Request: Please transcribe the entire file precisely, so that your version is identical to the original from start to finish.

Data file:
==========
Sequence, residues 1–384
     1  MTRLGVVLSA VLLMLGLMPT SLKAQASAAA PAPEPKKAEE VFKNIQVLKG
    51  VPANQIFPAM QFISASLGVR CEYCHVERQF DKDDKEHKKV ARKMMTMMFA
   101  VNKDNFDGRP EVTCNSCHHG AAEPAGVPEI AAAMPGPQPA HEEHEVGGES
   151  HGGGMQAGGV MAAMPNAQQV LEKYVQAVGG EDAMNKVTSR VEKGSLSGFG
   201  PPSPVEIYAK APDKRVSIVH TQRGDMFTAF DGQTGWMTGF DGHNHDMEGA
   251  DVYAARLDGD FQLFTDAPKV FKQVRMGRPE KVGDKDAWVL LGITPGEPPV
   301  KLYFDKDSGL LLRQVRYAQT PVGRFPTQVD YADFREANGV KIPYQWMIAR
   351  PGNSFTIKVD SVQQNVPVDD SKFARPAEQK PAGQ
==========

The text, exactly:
Sequence, residues 1–384
     1  MTRLGVVLSA VLLMLGLMPT SLKAQASAAA PAPEPKKAEE VFKNIQVLKG
    51  VPANQIFPAM QFISASLGVR CEYCHVERQF DKDDKEHKKV ARKMMTMMFA
   101  VNKDNFDGRP EVTCNSCHHG AAEPAGVPEI AAAMPGPQPA HEEHEVGGES
   151  HGGGMQAGGV MAAMPNAQQV LEKYVQAVGG EDAMNKVTSR VEKGSLSGFG
   201  PPSPVEIYAK APDKRVSIVH TQRGDMFTAF DGQTGWMTGF DGHNHDMEGA
   251  DVYAARLDGD FQLFTDAPKV FKQVRMGRPE KVGDKDAWVL LGITPGEPPV
   301  KLYFDKDSGL LLRQVRYAQT PVGRFPTQVD YADFREANGV KIPYQWMIAR
   351  PGNSFTIKVD SVQQNVPVDD SKFARPAEQK PAGQ